Some students have decided to go onto dating sites for people who have Herpes Simplex Virus or HIV to find others who are already infected. This has helped some people find satisfying relationships with someone who would automatically know about their STD. Some students who meet someone they really like ask when they should have this conversation. I encourage them to wait until they know the person better and want to be committed in the relationship. Its a no-brainer to say something before it becomes sexual. I suggest they be upfront and honest and share the risks with their new boyfriend or girlfriend. Facing the possible rejection is excruciating but a lot of students have reported positive results when having this conversation in a loving, positive relationship. It is a very courageous thing to tell someone about your sexual past, but it is very important to keep everyone as safe and healthy as possible.
Please be smart about your sex life. If you don’t have any STDs, be thankful and continue to practice safe sex. Get tested to avoid the devastating consequence of spreading an STD to someone else. If you have a STD that is incurable, life isn’t over. Many people are living happy, healthy lives and many people are in relationships. For more information please see the following websites listed below.
I wrote a post similar to this a few months ago. I realized after reading it again that I didn’t really give any suggestions on how to actually have the conversation. I made those corrections in this post. To read the previous post, please click on this link:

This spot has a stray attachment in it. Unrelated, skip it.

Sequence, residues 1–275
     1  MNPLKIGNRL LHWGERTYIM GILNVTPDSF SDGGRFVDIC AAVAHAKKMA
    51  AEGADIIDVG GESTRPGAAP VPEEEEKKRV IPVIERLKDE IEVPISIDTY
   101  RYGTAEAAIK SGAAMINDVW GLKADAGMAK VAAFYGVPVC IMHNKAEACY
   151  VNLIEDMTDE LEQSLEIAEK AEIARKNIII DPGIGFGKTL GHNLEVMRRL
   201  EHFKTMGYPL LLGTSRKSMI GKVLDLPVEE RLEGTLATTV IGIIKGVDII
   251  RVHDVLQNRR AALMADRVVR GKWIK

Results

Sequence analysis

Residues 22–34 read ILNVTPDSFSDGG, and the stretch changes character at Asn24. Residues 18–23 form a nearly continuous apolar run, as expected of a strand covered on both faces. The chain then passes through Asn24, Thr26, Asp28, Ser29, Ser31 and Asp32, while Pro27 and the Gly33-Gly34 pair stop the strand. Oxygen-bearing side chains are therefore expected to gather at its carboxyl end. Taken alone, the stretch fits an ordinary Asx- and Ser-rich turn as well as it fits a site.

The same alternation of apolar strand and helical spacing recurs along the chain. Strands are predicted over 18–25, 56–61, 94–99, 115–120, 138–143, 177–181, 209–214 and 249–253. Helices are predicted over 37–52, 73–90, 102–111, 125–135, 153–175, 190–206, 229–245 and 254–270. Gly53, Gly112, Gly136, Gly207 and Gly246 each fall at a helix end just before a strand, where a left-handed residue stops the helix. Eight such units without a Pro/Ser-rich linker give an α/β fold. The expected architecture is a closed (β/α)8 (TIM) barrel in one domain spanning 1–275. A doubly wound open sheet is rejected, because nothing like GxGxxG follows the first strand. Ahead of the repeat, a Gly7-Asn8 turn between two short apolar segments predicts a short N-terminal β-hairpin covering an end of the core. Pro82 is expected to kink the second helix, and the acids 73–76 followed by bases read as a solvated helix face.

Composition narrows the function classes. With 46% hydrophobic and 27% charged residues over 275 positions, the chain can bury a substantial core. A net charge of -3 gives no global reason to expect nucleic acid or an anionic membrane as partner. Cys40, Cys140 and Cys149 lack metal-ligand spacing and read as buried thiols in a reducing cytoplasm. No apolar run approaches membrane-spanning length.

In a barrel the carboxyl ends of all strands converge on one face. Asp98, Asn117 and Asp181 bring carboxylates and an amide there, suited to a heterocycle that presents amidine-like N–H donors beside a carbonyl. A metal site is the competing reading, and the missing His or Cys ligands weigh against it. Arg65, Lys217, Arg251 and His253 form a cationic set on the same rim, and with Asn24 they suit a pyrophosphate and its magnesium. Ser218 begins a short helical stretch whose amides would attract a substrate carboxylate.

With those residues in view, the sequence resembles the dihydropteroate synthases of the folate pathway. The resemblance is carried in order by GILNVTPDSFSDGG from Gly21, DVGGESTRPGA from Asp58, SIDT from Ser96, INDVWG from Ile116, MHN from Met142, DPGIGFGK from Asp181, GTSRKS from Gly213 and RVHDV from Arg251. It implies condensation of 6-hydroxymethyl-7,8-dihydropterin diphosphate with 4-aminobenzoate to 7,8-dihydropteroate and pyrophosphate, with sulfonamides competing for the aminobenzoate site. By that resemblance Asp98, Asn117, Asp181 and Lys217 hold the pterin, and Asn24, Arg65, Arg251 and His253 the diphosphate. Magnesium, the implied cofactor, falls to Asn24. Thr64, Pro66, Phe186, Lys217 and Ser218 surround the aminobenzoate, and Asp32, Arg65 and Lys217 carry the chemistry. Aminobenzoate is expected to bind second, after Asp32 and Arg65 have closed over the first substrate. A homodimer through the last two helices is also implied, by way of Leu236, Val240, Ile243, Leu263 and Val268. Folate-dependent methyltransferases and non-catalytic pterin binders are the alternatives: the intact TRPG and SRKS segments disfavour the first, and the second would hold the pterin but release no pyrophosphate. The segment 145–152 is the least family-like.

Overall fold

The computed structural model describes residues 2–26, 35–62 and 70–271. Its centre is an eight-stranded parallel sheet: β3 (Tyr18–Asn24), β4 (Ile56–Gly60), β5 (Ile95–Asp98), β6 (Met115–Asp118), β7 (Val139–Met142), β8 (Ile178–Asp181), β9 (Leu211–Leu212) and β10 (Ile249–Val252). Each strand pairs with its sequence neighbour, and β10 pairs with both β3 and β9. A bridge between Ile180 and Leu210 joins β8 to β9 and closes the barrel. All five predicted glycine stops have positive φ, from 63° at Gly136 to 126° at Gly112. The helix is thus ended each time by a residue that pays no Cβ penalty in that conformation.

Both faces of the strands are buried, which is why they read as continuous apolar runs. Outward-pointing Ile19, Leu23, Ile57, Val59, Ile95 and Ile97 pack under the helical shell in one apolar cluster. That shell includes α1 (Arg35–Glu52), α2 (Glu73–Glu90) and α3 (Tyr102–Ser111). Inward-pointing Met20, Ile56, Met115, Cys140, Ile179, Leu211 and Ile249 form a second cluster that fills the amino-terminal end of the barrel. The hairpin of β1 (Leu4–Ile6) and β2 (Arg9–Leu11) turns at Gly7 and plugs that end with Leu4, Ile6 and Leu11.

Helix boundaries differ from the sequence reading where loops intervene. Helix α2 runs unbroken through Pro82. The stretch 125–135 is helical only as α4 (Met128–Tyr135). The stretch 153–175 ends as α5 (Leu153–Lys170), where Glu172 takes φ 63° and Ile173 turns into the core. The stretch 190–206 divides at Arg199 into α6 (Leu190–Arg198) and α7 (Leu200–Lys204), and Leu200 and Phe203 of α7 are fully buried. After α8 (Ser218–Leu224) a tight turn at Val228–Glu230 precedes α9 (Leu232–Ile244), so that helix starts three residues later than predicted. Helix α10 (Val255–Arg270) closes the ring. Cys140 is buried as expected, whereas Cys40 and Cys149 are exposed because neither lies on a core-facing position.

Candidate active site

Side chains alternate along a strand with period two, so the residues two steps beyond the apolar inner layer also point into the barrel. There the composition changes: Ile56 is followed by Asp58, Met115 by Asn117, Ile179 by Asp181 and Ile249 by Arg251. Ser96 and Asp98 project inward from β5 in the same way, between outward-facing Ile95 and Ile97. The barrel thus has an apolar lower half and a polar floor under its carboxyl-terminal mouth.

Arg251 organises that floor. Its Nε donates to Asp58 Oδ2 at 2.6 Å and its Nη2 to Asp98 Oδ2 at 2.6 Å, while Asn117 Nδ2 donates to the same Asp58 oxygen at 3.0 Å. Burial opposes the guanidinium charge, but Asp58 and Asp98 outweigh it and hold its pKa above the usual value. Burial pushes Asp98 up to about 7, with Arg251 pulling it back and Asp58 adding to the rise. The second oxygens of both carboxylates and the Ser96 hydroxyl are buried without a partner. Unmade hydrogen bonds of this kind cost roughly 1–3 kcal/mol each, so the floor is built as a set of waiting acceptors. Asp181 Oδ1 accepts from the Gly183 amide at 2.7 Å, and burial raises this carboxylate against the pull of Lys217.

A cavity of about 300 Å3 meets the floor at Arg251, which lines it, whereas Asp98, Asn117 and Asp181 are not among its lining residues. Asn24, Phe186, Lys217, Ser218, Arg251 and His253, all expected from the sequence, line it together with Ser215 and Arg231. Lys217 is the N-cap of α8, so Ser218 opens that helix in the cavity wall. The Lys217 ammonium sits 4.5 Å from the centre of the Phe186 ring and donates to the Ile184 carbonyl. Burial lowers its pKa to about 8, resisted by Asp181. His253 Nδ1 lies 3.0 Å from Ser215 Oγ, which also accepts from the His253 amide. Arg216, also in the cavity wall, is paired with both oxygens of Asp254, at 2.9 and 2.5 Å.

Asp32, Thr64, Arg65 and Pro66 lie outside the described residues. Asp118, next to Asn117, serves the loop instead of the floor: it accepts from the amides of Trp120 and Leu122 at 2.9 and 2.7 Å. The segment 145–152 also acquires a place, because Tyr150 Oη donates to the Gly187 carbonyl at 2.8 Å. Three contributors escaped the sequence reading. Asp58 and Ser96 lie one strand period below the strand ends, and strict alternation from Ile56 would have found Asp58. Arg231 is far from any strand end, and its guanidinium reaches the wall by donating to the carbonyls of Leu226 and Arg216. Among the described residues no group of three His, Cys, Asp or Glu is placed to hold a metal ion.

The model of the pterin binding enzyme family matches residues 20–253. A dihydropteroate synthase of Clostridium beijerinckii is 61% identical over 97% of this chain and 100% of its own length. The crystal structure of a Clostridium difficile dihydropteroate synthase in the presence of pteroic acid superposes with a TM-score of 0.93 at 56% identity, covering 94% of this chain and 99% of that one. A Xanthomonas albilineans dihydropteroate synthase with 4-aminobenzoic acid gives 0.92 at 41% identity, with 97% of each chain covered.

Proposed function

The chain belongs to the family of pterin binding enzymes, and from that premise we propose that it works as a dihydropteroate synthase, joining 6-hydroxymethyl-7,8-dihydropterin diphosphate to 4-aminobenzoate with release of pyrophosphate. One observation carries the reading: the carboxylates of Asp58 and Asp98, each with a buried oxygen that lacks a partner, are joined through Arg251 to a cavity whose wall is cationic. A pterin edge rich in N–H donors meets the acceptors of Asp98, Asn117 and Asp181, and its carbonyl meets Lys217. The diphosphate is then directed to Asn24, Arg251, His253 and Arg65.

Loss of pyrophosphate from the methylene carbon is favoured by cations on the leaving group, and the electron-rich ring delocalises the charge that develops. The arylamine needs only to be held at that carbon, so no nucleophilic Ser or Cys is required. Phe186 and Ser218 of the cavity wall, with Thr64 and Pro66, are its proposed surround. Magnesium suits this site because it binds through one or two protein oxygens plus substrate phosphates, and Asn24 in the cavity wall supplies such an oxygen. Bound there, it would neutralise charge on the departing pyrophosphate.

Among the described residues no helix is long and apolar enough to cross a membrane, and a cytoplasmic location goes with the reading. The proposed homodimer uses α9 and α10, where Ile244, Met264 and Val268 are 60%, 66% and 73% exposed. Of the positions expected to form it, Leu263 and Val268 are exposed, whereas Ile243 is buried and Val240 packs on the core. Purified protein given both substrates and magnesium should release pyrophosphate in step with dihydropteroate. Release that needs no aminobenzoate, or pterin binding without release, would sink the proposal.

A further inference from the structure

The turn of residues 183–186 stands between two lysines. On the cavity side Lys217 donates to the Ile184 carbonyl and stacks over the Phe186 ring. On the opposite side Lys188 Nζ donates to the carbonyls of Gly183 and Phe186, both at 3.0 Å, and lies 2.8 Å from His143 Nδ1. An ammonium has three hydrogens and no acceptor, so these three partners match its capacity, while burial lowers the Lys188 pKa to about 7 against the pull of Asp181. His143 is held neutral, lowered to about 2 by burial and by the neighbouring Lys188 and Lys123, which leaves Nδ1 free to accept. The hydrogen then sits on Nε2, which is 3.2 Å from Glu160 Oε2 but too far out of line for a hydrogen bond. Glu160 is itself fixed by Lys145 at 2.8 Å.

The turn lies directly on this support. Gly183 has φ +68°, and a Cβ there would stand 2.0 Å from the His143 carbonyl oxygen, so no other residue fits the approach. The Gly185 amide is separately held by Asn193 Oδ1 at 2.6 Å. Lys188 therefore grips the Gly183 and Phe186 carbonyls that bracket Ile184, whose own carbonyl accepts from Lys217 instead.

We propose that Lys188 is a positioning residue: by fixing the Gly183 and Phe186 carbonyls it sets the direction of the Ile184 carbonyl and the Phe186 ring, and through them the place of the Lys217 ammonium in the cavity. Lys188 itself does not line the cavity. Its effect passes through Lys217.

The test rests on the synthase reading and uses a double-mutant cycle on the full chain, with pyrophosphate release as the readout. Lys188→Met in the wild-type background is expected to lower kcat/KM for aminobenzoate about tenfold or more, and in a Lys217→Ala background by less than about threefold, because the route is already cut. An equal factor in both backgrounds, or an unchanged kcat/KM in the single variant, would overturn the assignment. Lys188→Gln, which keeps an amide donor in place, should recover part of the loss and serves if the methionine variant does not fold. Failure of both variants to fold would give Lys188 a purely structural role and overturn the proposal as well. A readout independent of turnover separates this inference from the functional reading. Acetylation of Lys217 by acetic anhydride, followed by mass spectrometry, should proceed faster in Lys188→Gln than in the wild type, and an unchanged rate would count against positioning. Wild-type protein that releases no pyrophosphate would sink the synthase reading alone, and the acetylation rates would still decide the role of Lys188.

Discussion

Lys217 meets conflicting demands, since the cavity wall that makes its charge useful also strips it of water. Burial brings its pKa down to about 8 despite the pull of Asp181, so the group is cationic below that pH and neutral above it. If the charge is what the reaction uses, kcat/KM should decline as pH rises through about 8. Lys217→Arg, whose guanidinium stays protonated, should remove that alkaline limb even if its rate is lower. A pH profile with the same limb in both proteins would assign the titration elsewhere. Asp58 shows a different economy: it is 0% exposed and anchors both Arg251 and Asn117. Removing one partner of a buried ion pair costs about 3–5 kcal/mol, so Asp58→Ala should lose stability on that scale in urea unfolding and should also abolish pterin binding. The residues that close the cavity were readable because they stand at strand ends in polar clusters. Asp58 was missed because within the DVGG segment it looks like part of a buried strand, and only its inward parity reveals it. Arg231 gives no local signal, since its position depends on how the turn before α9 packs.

Pingback: How do I tell someone I have an STD?? | College Life- Sex and Relationships
My boyfriend and I have been dating for almost 2 months, but we’ve been together for awhile longer before that. We haven’t had sex yet, but are planning on it. I have not told him about my HSV 2, and every time I think about telling him, I think it’ll be better if I just don’t . I’m so afraid that he will break up with me or be afraid to touch me, and I don’t want that to happen. I love him, and I know this will hurt him. Also, what about oral sex? If I perform oral on him is there a chance he could still catch it? And what if he performs oral on me?
Thanks so much for your comment. I can’t imagine how scared you must feel about telling him. However, I think he’ll take it much easier this way then if he finds out later he has HSV 2. You need to give him the chance to make the decision to take the risk or not. He may decide to break up with you, which would be sad, but better to know now than later. He may decide that he loves you enough to stay and take the risk. Also, talk to your doctor about the risks of oral sex. I don’t think you can give it him by performing oral sex, but I do think he can get it from you. Please double check this information, because I’m not totally sure of all the risks involved. I hope he stays, however, if he walks away, hopefully one day you find a guy who will stick by your side no matter what. HSV is a hard thing to deal with and I won’t lie and say this will be easy for either of you, but for his sake, I think he deserves to know the truth. Just like it would have been nice for you to know upfront from the person who gave it to you. Good luck!